G. S. Kennedy-Skipton

George Stacey Kennedy-Skipton (31 August 1898 – 1982) was an Irish Hong Kong politician, senior civil servant and teacher. He was accused of collaborating with the Japanese during the Japanese occupation of Hong Kong. After the war, he ran for the Urban Council twice in 1952 and 1967 and was the secretary of the Labour Party of Hong Kong, a socialist self-government party.

G. S. Kennedy-Skipton ca. 1952

BiographyEdit

Kennedy-Skipton was born on 31 August 1898 in Cheltenham, England and was educated at Trinity College, Dublin. Aged 23 years, he traveled from Liverpool to Hong Kong on the blue funnel liner SS Pyrrhus on 31 December 1921 and joined the cadet service of the Hong Kong colonial government.[1] He had served various departments, including District Officer, Magistrate, Senior Assistant Treasurer, Food Controller from 1940 to 1941 and secretary of the Sanitary Board. He was also a senior officer in the Secretariat for Chinese Affairs, in charge of the District Watch, labour affairs and Mui Tsai suppression. He was promoted Class 1 officer in January 1940 and was Chairman of the Urban Council in 1940.

He married Helen Tow, an American woman of Scandinavian descent who was born to a Quaker family in Iowa on 15 October 1892. The couple had two daughters, Anne Laetitia Daphne (b. 1930) and Enid Conolly (b. 1933). He had also a Chinese mistress and a son named Kimmy S. Kennedy-Skipton (later known as Henry). Before the Battle of Hong Kong where Hong Kong was fallen into Japanese hand in December 1941, Helen appealed to the Evacuation Advisory Committee against the compulsory evacuation order, which caused a heated exchange between Attorney General Sir Grenville Alabaster, Colonial Secretary Franklin Gimson and Kennedy-Skipton at the Prince's Building.[1]

After the British surrender, Kennedy-Skipton lived with his family at his residence at No. 565 The Peak at the far end of Middle Gap Road. He was not interned like the rest of the colonial administrators as he claimed Irish nationality and he had also agreed to help the Japanese with the administration of night-soil collection, storage and conversion for use as a fertilizer for farmers in the New Territories among other things. For that he was accused of collaborating with the Japanese including the British Army Aid Group which reported that he had "gone over to the Japanese". He was sacked by Colonial Secretary Franklin Gimson in the Executive Council on 11 February 1942 for disobeying orders to cease cooperating with the Japanese and refusing to report to the Stanley Camp for internment with other government officials. For the next ten years, Kennedy-Skipton tried to appeal the decision, to clear his name and seek compensation for salary foregone.[1]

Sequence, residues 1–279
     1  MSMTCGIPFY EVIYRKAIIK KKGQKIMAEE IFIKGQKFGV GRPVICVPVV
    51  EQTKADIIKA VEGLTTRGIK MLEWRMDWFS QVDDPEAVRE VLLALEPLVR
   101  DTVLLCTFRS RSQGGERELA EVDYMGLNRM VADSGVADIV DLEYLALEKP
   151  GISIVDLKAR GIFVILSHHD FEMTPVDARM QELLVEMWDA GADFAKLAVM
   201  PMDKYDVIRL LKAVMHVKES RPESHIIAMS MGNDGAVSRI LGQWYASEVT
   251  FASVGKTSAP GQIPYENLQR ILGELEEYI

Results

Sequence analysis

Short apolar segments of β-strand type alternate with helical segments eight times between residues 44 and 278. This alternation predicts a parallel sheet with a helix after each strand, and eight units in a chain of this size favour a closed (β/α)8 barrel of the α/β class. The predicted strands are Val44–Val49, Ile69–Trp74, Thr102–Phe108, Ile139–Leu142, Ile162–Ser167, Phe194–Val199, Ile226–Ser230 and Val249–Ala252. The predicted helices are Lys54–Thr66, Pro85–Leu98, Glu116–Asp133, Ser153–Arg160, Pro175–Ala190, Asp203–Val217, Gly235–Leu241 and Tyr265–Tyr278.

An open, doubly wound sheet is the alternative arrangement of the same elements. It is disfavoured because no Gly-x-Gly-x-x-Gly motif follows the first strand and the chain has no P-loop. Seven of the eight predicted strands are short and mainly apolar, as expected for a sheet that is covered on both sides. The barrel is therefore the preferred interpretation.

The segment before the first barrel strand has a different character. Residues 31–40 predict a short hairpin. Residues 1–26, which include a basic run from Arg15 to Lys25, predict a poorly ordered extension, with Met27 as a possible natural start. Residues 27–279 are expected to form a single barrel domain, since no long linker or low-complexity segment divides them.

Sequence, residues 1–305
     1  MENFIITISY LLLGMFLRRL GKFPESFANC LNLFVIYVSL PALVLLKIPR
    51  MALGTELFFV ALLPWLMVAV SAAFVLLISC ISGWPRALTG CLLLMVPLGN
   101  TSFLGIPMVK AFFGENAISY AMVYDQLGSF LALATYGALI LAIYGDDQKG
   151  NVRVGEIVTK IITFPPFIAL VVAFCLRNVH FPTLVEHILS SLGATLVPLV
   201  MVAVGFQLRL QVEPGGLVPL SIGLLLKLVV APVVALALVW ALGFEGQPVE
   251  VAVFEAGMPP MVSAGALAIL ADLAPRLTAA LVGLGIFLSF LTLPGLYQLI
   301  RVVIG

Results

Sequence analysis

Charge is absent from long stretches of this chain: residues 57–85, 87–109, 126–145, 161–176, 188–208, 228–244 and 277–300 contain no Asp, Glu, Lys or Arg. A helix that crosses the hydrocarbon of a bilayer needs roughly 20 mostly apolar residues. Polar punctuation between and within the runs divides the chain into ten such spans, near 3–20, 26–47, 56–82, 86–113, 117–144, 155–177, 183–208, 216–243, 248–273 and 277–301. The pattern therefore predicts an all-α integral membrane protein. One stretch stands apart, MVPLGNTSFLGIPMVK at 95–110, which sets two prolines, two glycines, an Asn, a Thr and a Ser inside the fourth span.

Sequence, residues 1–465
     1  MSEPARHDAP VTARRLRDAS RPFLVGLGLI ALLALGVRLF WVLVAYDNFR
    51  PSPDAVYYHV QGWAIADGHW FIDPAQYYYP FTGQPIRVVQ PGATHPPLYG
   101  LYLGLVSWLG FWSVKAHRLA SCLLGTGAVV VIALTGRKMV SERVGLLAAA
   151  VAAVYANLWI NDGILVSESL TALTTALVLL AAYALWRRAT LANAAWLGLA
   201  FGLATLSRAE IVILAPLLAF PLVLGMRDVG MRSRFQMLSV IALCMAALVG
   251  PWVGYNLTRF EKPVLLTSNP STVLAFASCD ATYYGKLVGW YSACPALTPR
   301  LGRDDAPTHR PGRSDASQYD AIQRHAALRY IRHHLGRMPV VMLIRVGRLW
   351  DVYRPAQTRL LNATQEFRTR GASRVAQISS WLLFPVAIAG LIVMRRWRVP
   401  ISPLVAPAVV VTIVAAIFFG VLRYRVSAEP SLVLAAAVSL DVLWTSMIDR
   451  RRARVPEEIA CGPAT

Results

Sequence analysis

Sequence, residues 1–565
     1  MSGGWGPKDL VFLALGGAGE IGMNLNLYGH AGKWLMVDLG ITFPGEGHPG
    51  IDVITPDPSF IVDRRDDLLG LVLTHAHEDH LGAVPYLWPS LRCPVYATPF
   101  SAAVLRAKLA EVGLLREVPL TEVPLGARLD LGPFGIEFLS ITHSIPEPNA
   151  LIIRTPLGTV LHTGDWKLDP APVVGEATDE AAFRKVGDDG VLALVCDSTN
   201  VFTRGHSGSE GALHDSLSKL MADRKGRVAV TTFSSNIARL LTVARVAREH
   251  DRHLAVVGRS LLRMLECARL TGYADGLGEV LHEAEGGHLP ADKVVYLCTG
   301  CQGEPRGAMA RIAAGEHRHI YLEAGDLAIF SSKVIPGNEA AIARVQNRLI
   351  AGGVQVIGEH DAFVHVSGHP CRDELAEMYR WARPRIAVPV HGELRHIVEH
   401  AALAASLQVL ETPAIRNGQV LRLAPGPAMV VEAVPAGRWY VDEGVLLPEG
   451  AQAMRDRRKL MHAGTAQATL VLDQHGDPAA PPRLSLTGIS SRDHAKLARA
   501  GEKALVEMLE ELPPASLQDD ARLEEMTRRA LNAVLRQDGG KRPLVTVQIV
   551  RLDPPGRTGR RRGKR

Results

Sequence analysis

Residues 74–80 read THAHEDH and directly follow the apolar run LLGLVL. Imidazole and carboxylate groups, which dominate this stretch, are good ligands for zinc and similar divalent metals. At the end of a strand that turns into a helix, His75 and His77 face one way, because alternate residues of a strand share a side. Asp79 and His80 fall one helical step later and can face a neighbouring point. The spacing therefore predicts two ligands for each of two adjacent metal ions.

In January 1943 Kennedy-Skipton escaped to Free China leaving his wife and two children in occupied Hong Kong until they were repatriated to the United Kingdom following liberation on the SS Highland Monarch arriving in Southampton on 9 November 1945, while George Stacey returned in Hong Kong in 1947. He defended himself in a private enquiry in 1948. A newspaper criticised the fact that the enquiry was held closed-door under the title of "The Strange Case of Mr. Kennedy-Skipton". He went on to the Court of Appeal which dismissed his case in 1951.[1]

Kennedy-Skipton remained in Hong Kong and taught at Diocesan Boys School and later St Joan of Arc private school. He ran in the 1952 Urban Council election but failed to win a seat. He was a member of the executive committee of the Democratic Self-Government Party of Hong Kong, the first political party calling for self-government and Hong Kong independence. In 1964, he formed the Labour Party of Hong Kong with other Democratic Self-Government Party members such as Tang Hon-tsai and K. Hopkin-Jenkins, a socialist party which called for self-government and common ownership, and became the party secretary. He ran again in the 1967 Urban Council election for the Labour Party was again not elected. He returned to United Kingdom in the 1970s and died in Scotland in 1982 at the age of 84.[1]

ReferencesEdit

  1. ^ a b c d e "The strange case of Mr Kennedy-Skipton". Battle for Hong Kong.